|Bill Quirk, Luis Reynoso, Jaime Patino|
ASSEMBLY | 20TH DISTRICT | When it comes to gay marriage, candidates for the 20th Assembly District made a mad dash to the left of each other, but not before two of them swung wildly to the right when it comes to gender identification.
Incumbent Assemblymember Bill Quirk, Republican Jaime Patino and nonpartisan Luis Reynoso, formerly a member of the GOP, all registered strong support for gay, lesbian, bisexual and transgender issues before attempts to shade differences in their position.
Patino, a first-time candidate from Union City, appeared to set the tone last Friday night at a candidate’s forum in Fremont when in response to a question on equity and, specifically, LGBT issues, he veered well left of the Republican Party’s ambiguous stance. “I’m one of the few—and I may get in trouble tomorrow when it hits the news—but, I’m one of the few Republicans out there that actually is supportive of gay marriage and I’ve always been,” said Patino. “It’s out there and if people want to make a big thing, let them.”
“I feel very much for people in the LGBT community, any community that is discriminated against, because it doesn’t just scar that particular community; it scars the whole city, the whole area,” said Patino. “And it also hurts us economically because businesses see that and they don’t want to be in an area that’s putting up with that stuff.”
Quirk, whose liberalism is questioned by few, seemed pleasantly surprised by Patino’s statements. “Let me say, it is a pleasure to have Mr. Patino state what he did and to say that he’s for gay marriage and I really appreciate it,” said Quirk. However, Patino’s comments were also the catalyst for each candidate to draw distinctions in their support for gay marriage.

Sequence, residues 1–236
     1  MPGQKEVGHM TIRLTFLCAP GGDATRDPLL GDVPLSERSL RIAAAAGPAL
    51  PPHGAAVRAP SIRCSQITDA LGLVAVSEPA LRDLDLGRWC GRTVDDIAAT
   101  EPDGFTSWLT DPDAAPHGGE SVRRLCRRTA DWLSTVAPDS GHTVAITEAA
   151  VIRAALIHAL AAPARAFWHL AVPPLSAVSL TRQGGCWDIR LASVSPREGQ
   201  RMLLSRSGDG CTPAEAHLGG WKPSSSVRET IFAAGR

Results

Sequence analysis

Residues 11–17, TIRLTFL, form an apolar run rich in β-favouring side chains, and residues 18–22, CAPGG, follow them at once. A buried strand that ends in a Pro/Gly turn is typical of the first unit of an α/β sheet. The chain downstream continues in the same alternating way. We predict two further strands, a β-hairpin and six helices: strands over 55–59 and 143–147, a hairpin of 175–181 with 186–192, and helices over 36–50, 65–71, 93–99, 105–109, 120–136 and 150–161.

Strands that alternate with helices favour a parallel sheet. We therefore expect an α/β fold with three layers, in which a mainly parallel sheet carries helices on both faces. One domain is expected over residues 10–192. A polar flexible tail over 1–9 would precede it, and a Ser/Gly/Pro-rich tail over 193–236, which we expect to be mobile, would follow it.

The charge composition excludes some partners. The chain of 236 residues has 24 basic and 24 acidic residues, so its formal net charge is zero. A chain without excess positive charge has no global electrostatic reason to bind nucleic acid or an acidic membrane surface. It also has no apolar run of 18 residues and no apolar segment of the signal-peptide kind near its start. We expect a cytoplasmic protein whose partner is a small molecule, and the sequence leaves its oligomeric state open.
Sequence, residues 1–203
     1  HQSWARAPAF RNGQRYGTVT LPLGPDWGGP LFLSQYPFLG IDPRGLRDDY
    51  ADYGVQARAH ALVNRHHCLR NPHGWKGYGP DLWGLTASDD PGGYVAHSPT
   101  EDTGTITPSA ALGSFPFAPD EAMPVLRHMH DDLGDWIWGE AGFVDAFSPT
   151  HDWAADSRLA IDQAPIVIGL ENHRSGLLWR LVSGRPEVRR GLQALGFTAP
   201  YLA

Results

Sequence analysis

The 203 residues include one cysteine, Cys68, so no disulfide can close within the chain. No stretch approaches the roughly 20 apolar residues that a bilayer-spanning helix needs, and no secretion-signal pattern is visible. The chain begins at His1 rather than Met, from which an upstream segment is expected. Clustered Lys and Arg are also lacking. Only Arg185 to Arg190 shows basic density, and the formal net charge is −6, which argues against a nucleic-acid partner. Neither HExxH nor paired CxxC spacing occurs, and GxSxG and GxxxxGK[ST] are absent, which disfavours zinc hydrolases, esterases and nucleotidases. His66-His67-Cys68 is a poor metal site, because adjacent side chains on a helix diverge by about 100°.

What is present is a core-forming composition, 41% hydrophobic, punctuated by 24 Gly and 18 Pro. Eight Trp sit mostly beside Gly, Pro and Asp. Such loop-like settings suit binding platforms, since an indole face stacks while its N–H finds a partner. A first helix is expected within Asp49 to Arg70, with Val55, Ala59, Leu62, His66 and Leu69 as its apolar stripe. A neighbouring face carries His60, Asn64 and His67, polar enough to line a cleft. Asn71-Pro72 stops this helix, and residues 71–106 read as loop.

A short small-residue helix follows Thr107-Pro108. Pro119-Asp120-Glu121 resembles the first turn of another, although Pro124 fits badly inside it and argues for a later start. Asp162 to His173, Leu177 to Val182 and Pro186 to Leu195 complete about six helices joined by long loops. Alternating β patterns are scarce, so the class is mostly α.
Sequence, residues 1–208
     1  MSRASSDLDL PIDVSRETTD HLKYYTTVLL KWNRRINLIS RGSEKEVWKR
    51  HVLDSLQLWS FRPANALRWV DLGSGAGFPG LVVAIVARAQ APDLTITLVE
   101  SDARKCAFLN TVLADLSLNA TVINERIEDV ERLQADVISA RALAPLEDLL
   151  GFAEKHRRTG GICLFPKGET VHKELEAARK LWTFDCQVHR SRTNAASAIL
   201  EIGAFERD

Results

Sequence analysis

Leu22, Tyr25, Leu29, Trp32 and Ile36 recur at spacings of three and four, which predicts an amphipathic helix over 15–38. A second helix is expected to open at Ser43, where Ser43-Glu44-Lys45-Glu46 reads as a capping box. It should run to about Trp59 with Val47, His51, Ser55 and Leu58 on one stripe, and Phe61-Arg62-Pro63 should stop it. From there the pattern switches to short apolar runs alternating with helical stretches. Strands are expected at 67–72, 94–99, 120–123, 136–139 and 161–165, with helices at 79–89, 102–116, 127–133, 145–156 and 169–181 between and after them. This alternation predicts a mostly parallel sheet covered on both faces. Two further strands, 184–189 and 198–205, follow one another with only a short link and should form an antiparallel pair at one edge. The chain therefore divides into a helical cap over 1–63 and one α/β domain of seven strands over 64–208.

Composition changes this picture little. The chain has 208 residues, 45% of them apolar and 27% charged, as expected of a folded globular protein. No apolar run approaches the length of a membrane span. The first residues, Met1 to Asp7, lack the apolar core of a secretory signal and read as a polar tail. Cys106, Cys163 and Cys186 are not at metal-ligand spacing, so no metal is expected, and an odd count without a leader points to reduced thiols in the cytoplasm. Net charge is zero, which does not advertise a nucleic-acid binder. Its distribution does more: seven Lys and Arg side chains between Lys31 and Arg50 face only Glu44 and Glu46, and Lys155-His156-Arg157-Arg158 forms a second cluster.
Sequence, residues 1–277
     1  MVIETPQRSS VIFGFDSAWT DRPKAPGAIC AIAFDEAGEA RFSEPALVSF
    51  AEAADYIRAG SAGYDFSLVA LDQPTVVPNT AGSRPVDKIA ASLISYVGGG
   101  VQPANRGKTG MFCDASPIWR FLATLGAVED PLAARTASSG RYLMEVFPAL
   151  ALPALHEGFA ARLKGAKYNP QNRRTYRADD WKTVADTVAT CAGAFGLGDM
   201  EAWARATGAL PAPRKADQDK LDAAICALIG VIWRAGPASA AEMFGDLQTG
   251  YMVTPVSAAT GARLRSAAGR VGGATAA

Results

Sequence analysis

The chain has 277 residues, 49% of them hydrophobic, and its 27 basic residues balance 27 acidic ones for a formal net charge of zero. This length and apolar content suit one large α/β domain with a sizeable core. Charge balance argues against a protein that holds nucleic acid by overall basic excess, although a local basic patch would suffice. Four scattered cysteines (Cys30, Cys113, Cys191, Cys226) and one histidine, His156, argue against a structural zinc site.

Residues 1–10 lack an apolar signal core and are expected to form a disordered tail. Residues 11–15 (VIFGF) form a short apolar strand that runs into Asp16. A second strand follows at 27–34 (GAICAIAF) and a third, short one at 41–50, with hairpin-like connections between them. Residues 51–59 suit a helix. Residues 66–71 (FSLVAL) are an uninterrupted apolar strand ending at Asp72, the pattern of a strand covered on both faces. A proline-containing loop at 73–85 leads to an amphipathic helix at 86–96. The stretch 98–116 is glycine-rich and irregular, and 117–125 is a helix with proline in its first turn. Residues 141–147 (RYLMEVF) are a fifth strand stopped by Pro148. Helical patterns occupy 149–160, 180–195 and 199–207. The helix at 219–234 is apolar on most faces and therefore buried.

Quirk then rushed further left, stating he has supported gay marriage “ever since it became an idea” and then-San Francisco Mayor Gavin Newsom made a strong push for it in 2004. He also touted his support for a controversial assembly bill, AB 1266, strongly opposed by state conservatives, which would allow transgender children to assign their own gender when it comes to sex-segregated school programs, athletics and facilities. Gov. Jerry Brown signed the bill into law last August. “I’m out on the edge on this and I’m proud to be out on the edge,” said Quirk.
On gay marriage, Reynoso said, “This is really a non-issue because discrimination is discrimination. When it comes to gay marriage, the government can’t tell you who to marry and they cannot tell you who to divorce, either.” However, when it comes to AB 1266, it’s a different story. “We’re really operating on shaky ground at that point because for us to demand a kindergarten girl’s bathroom to be available to a six-year-old boy because he feels he’s a girl, it’s a privacy issue. The issue needs to be examined more carefully,” said Reynoso, who is also an elected member of the Hayward school board. “Facilities use are not there for us to exercise our gender, but rather to use them in private.” Reynoso’s first move to the left followed by a sharp turn to the right, then set off a similar tag-team attack by him and Patino on Quirk also witnessed earlier this month over the Calpine Russell City Energy Center issue.
“The line stops when it comes to kids using the same restroom,” Patino said in his rebuttal. Local school districts should be allowed to make their own decisions on the matter, he added. “Because what flies in San Francisco, may not fly in Tulare County and Sacramento should not be putting the values of San Francisco down the throat of people in the valley or the Inland Empire that don’t agree with that.”
Quirk then asserted Republicans, in general, now laud Civil Rights leaders of yesterday after doing nothing to support the cause when it was occurring. “You know, that’s what it takes being out on the edge,” said Quirk. “When you’re being a pioneer, when you are seeing what’s new. What we’re seeing today is Republicans love Cesar Chavez . Republicans love Martin Luther King, but when they were out pushing the envelope, the Republicans weren’t to be seen. I’m very proud to be pushing the envelope.”
The forum moved on to another question on green building and renewable energy, but the previous back-and-forth clearly festered. After Patino answered the question, he quickly responded to Quirk’s comment, “This Republican was at Kitayama Nursery in Union City back when I was a kid. This Republican was there. This Republican’s parents were farm workers, so don’t lump everybody all together. We shouldn’t do that.” Reynoso followed. “Mr. Quirk doesn’t really understand Martin Luther King was a Republican. Don’t forget that,” said Reynoso. “One of the greatest fighters for equal justice was actually a Republican.